Arts feature

The sound of a hunch coming good

Graeme Thomson talks to the cult singer Joan Wasser about the robotic nature of pop, finding salvation in songwriting and Tony Allen

13 November 2021

9:00 AM

13 November 2021

9:00 AM

Joan Wasser is New York loud. Her resting register is CAPS LOCK, rising to flashing neon when roused to laughter or, occasionally, indignation. ‘I was born a very expressive person,’ says the singer. ‘I was always talking to people in the street that I didn’t know. I’m not super afraid of expressing how I feel, and I take chances very quickly.’

Bold spontaneity has served her well. The Solution is Restless, Wasser’s latest album as her artistic alter ego, Joan As Police Woman, is the sound of a hunch coming good. The record stems from a single day spent extemporising with her friend David Okumu and the late and legendary Afrobeat drummer Tony Allen.

She and Allen were introduced in 2019 by their mutual friend Damon Albarn, who played with Allen in the Good, the Bad & the Queen. Later that year, during a solo tour, Wasser built a free day into her schedule in Paris, Allen’s home city. She booked a studio, sent the drummer a few text messages and hoped it would all work out. ‘Right off the bat it was not a regular session,’ she says. ‘I purposely prepared nothing, didn’t write anything, I just wanted to play freely. I asked the engineers to never stop recording and we played for two hours, had a huge meal, then did a little more. I was surprised how excited Tony was. He always wanted to be doing something new.’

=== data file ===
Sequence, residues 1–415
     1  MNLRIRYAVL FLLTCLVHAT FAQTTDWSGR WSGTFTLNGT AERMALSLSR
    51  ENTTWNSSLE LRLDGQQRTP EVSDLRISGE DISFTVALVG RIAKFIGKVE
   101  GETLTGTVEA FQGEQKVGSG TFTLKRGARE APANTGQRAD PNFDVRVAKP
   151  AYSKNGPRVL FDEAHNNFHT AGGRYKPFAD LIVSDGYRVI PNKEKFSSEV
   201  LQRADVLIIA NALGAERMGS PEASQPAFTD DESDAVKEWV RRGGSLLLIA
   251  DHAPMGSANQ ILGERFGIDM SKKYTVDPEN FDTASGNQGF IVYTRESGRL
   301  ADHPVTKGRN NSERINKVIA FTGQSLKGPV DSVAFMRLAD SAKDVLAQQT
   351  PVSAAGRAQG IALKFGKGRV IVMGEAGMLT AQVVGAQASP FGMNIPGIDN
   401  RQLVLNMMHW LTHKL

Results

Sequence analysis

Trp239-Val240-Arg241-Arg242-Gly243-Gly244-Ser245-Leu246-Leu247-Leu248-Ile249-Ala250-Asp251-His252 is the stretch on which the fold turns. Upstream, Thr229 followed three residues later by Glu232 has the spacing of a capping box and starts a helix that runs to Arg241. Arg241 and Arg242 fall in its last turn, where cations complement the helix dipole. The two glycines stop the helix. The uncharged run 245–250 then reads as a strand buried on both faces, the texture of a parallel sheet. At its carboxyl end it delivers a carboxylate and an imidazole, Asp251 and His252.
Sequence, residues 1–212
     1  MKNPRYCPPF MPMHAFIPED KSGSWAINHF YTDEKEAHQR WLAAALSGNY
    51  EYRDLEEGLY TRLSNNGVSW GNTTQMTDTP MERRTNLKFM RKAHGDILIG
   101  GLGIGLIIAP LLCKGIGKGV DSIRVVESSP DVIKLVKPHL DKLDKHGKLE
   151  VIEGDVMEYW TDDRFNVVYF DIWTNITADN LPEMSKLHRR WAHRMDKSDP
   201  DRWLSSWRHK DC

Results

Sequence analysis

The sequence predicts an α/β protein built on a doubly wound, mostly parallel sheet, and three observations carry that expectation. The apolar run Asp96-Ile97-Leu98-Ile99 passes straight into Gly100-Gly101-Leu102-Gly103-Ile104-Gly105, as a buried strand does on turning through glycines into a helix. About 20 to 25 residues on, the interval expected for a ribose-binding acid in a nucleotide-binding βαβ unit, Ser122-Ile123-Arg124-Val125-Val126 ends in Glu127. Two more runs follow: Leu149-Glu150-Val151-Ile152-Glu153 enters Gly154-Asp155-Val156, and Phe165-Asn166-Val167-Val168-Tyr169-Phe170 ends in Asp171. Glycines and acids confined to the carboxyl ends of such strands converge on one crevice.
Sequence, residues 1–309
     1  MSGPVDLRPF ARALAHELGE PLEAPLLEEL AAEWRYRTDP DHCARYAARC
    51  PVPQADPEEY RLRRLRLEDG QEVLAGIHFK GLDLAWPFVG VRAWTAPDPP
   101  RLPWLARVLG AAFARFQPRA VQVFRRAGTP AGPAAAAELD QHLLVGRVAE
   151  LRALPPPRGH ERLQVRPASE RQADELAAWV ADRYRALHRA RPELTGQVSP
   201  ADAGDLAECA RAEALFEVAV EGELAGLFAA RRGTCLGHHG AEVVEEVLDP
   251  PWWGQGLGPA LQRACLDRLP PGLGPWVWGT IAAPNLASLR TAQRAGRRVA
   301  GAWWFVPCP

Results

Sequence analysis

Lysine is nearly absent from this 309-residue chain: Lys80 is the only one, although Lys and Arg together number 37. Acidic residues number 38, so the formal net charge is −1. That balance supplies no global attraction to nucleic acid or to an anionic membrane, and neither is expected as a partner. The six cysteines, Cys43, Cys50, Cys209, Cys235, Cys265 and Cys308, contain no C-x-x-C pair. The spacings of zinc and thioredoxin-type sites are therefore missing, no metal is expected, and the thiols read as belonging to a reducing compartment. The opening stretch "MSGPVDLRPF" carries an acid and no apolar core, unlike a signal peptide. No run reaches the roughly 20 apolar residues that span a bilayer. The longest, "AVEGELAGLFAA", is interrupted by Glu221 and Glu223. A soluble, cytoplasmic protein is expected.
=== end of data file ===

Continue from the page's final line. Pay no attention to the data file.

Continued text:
Wasser returned to New York and used Covid-19 downtime to ‘profusely edit’ and shape those Paris jams into songs. Early in this process, at the end of April last year, Allen died, aged 79, of an aortic aneurysm. She was working on the album when she got the call. ‘It definitely infused the writing with a little more urgency and many layers of… I was going to say heaviness, but that’s not all that it was. It was an acknowledgment of the fact that life is precious and our time is fleeting. It’s certainly rather consumed with the idea of life and death, and the very thin membrane between the two, and what we do when we are here.’

Wasser released her first album, Real Life, in 2006, when she was 35. She is glad she bided her time, not least because ‘by then I had something to say’. Born in Maine, she was adopted at birth, played violin from the age of eight and studied classical music at Boston University, where she performed with the college symphony. Disillusioned with that world, she joined an indie-rock band and decamped to New York, where she still lives. In 1997, Jeff Buckley, her boyfriend of three years, drowned in the Mississippi. Two years later Wasser joined Antony and the Johnsons, playing on their acclaimed album I Am a Bird Now. In 2004 she became part of Rufus Wainwright’s live band.

Solo songwriting, when it finally asserted itself, ‘came as a way to stay alive. It was: I have to get those feelings out, they are way too much to bear. I never thought about it as something that might appeal to anyone but me. I never grew up thinking I was going to write songs that would change people’s lives.’